Seven things to look out for this weekend.
1. Aussie Rules stars made to look foolish in Hanley's girls' names quiz
Mayo's Pearse Hanley hosts a popular weekly online quiz show for his Aussie Rules club Brisbane Lions, it turns out, called Hanley Trivia (check out www.lions.com.au).
This week's instalment is based on his apparently not so bright Aussie team-mates trying to pronounce Irish girls' names. Cue much expected hilarity. One of his playing buddies guessed Grainne as Grant, Louise for Laoise, no-one managed even a guess for Saoirse and the quiz was finally won with a single correct answer when Sinead was pronounced correctly. That said, Pearse could find himself the butt of a few jokes at home in Ballaghaderreen with his hybrid Irish-Australian accent.
2. Gritty launch for camogie, thankfully no talk of short shorts for players
It was good to see the coverage that greeted the urban-themed launch of the All-Ireland camogie championships earlier this week as the game's profile continues to creep upwards, however slowly.
It was good also that no one in officialdom saw fit to offer advice as to how to make the game more popular as one Brazilian soccer chief did.
Marco Aurelio Cunha, head of the co-ordination for women's football in Brazil, said the key to more popularity was for the players to put on make-up, do their hair nice and wear shorter shorts.
Where to they get these guys?
3. Spillane keeps on doing what he does as Wee Man breaks pundit tradition
Pat Spillane loves little more than some good overstatement, but he was really reaching last weekend when he compared the cost of Armagh's senior team, who lost heavily to Donegal, with the budget of a small third world country.
Meanwhile, over on the BBC during the same contest, Martin McHugh did something extremely rare for him, or indeed any pundit - he admitted that he was wrong! He's known as the Wee Man, but on this occasion he was the bigger man.
4. Qualifiers were always complicated, But now they have just got worse
Ever tried to explain the structures of the football provincial and All-Ireland Championships to someone with no background in the GAA? Well, if you haven't, don't. "It's like this; one competition has 12 teams, but another has six. Some teams have to win four games to get to a quarter-final, others only have to win two. And if you lose, you have another chance."
This year the job of explaining things just got more difficult, as the start of the qualifiers this weekend will prove. Now we have groups A and B through the back door. Any idea? No, us neither. God be with the days when Kerry seemed to play Dublin in the All-Ireland final every September; at least then we knew where we stood. . .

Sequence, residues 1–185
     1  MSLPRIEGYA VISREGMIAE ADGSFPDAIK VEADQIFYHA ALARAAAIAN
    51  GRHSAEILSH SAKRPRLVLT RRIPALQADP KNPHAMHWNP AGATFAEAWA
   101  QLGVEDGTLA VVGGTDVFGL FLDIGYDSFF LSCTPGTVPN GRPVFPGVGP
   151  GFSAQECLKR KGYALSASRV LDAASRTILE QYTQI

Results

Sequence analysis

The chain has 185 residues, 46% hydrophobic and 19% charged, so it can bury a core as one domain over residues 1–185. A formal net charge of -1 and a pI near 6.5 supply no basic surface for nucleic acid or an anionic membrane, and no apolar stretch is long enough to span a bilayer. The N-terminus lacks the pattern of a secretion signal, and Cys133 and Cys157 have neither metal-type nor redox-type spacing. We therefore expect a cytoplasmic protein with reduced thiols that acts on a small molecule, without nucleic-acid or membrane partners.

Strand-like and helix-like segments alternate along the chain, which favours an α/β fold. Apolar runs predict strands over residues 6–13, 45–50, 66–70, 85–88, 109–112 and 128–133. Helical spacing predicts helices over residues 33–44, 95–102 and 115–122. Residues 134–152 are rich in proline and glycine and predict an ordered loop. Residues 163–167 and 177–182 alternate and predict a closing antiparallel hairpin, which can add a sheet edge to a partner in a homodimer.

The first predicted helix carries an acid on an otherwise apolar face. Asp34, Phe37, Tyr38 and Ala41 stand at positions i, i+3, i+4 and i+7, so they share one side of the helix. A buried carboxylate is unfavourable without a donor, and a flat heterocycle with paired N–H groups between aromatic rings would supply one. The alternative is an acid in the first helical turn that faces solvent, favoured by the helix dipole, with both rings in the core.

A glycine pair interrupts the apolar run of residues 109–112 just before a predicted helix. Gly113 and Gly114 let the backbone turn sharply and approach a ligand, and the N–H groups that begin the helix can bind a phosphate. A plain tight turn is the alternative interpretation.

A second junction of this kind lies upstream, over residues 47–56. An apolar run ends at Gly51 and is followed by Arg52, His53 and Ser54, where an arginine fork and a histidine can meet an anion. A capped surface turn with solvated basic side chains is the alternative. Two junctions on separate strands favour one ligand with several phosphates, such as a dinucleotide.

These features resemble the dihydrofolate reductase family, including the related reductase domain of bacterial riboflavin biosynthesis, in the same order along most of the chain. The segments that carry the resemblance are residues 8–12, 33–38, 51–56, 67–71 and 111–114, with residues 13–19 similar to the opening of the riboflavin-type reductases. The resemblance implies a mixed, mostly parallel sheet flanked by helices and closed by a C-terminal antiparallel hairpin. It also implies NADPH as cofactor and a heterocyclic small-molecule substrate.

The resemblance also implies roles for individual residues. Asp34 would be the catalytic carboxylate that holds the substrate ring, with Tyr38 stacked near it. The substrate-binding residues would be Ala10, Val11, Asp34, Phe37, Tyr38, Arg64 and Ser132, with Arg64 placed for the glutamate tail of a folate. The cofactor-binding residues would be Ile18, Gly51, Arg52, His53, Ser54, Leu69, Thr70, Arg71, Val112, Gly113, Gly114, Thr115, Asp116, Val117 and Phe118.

5. Mayo flag flies high over army camp in Syria as long hunt for Sam continues
Mayo fans must be among the most committed in the GAA .
In recent years a social media campaign has been mounted to get well-known people holding up Mayo For Sam banners in photographs, and those who took part included Foo Fighters singer Dave Grohl, boxing trainer Freddie Roach and Paul O'Connell.
This year the Mayo flag has reached exotic locations, with one Irish army peacekeeper in war-torn Syria proudly flying the green and red above camp (as seen on @mayogaabanter).
6. No three-piece suit for stylish Ó Sé at Eircom sponsorship launch
Eircom are keeping up the noble tradition of GAA sponsors dressing up footballers and hurlers in terrible outfits. Gaudy tracksuits and ill-fitting polo shirts are the usual crimes against fashion. But the telecom provider doubled up this week with outsized white tops, not dissimilar to that '90s Cellnet rugby strip worn by England (hardly a particular favourite in this country), and extremely orange T-shirts.
TV style merchants Tomás Ó Sé, Ciarán Whelan and David Brady, usually seen in fancy tins of fruit on the box analysing football matches, weren't exactly looking their sharpest. Their tailors will have to work overtime to help rebuild their damaged style credibility the next time they're on our television screens.
7. Parkinson standing up for players' rights following Guiney's Wexford axe
Colm Parkinson has always been a players' man and this week on Twitter the former Laois wing-back was full of righteous indignation on the part of Wexford hurler Jack Guiney, who manager Liam Dunne hopped off the panel for an apparent breach of discipline. 'Wooly' compared this to the case of Chile soccer star Arturo Vidal, who will keep his place in the team despite totalling his Ferrari whilst apparently drunk following his team's Copa America draw with Mexico this week. When you compare the two, you'd really have to wonder what Guiney did, or was it an over-reaction from management? Parkinson thinks the latter and, to be honest, it's hard not to disagree with him.